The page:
About the German Shepherd Breed
So you want to own a GSD? Some information, help and advice
The vast majority of people that have owned a GSD will be devoted to the breed and wouldn't consider any other type of dog. They do generally make fantastic family pets as long as you take the time to research and understand the breed. Things you should consider:
- Exercise requirements
- Costs including vet treatment
The GSD is a working breed and does have certain characteristics that you need to consider if you live in a busy household. Although a well bred GSD should be bold and confident they should be a little stand offish with strangers. What many new owners find difficult to cope with is the territorial and protective nature of the GSD. You never have to train a GSD to guard your family and home. Most GSD's will bark if someone comes to your door and most need to be introduced correctly to guests that come to your home. If a German Shepherd is well socialised at an early age and attends training classes, this should reduce this problem to some extent. This will also help your dog learn to interact with other dogs.
It seems pretty obvious to most that this is a large dog but we wish we had a fiver for every person that has asked us to rehome their dog because 'it grew too big'!! A German Shepherd is a large breed with females averaging 30-35kgs and males 35-40Kgs. They also have very thick long tails which they like to wag a lot so if you have any low lying ornaments or anything else fragile - beware.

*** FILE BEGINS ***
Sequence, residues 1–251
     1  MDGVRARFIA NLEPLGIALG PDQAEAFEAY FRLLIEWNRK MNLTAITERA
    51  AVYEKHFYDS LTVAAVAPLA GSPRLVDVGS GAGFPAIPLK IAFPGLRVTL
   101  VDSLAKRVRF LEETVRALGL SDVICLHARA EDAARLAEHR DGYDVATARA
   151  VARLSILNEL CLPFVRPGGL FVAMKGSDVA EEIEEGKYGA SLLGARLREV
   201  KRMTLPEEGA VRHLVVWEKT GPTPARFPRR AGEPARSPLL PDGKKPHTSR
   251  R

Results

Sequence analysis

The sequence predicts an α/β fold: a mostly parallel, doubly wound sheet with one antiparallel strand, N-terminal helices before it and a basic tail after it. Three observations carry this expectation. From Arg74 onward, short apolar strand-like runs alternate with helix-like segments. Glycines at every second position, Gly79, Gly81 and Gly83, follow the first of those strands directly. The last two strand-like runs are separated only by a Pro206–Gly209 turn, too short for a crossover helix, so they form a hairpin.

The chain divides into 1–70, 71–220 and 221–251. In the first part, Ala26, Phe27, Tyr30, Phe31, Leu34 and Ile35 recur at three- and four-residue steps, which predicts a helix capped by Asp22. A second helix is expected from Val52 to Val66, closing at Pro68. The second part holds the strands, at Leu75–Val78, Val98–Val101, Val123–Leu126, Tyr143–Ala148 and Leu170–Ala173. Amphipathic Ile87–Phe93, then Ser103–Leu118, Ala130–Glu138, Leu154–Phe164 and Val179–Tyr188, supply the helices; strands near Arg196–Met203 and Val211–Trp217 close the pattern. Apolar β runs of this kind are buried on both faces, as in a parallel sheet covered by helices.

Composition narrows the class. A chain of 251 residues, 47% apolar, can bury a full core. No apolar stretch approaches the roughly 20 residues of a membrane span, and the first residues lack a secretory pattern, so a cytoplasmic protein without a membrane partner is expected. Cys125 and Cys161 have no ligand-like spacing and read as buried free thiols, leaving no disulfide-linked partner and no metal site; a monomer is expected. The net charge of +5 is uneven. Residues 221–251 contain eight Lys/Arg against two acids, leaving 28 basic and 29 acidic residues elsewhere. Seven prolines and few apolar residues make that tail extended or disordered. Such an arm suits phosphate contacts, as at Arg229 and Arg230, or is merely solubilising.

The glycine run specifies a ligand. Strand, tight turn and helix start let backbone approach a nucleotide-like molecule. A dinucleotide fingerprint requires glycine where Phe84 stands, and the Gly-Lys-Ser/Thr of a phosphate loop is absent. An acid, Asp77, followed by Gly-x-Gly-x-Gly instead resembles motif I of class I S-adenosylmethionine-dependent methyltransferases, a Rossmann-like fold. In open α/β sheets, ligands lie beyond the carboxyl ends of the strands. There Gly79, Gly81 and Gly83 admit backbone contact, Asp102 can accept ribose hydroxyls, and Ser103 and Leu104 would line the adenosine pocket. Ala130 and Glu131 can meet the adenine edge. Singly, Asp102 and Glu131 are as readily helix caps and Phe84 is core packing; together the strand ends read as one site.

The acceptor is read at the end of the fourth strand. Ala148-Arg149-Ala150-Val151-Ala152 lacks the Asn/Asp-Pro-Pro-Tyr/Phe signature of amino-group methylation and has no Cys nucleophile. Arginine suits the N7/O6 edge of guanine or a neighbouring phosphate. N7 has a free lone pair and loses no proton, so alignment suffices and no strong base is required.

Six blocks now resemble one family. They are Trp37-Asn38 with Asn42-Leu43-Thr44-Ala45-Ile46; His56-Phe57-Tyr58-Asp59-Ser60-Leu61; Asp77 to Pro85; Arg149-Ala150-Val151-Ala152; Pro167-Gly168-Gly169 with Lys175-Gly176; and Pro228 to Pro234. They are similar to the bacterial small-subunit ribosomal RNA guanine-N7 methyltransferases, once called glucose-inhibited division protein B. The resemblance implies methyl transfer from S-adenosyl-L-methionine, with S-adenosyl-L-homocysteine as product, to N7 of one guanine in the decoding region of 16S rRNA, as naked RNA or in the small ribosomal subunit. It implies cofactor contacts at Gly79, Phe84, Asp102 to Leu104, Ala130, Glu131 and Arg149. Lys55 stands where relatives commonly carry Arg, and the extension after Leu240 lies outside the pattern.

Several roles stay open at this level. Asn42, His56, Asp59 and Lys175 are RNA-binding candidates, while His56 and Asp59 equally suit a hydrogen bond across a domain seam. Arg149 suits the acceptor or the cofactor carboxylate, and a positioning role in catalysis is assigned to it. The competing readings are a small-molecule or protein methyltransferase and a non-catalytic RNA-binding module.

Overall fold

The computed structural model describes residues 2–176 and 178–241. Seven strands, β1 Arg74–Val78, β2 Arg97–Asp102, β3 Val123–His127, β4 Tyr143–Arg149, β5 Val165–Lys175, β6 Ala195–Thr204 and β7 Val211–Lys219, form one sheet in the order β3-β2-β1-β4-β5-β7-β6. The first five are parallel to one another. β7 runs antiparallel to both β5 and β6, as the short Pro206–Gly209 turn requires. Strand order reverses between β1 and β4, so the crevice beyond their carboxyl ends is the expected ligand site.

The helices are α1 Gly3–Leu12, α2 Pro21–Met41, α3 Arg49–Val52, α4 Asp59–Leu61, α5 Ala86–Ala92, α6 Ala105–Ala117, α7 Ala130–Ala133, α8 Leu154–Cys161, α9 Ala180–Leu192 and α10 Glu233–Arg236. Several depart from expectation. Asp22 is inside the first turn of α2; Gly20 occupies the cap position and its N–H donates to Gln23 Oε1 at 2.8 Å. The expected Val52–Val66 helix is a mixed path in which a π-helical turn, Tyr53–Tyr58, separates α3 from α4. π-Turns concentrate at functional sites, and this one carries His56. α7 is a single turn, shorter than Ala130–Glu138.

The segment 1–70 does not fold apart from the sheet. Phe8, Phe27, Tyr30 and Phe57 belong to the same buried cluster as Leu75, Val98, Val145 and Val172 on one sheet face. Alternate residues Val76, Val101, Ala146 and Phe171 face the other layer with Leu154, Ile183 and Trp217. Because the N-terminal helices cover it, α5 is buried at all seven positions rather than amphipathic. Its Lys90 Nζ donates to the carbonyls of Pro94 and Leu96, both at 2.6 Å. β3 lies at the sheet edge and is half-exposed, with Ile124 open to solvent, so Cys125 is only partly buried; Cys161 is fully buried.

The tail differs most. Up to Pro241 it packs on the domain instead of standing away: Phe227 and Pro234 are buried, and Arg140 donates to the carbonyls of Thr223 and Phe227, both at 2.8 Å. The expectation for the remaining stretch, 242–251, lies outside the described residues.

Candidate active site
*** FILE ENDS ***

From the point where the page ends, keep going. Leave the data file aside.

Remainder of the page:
Both short coated and long coated GSD's moult once a year. Unfortunately it lasts for 365 days so you will need to brush regularly. They don't need bathing very often as they are very good at finding water to bath in. They usually prefer the really dirty muddy bathing areas. There is not much difference when it comes the long and short coats - they both moult as much although the long coats will require more brushing to avoid their coats becoming matted.
As far as exercise goes, they need more than just about any other breed and you will struggle to tire a GSD out. So get some walking or running shoes and prepare yourself for long energetic walks (runs). Half an hour in a public park is not really a walk to a GSD. A GSD should be lean and muscular and the saddest thing is to see a fat, bored GSD
Feeding is usually straight forward and meals should be divided into 2 a day to reduce the risk of torsion. As the GSD is a deep chested breed, always better to split the meals rather than give one huge one. Feed either a good quality dried or a mix of meat (preferably not tinned) and biscuit. GSD's often have sensitive stomachs so it might take a while to find something that suits and that he likes. Avoid highly coloured foods, wheat and any flaked foods. Don't feed your GSD junk food and loads of titbits. Many dog owners now favour a more natural diet and there is plenty of information available if you wish to go down that route. There is loads of info on the BARF diet on the web.
Costs of owning a GSD
Apart from the obvious costs such as feeding which should be no more than £1 per day, there are other costs to consider when contemplating owning a GSD. Because of the ever rising costs of veterinary treatment, we ask all adopters to take out pet insurance. Cost will vary according to provider and level of insurance. If you are planning to go on holiday and not take your dog with you, you will need to consider the cost of kenneling for which your dog will need the appropriate vaccinations.
Other things you should know about owning a GSD
You will never go to the toilet alone again, you will never have your chair all to yourself again and you will never be lonely ever again!!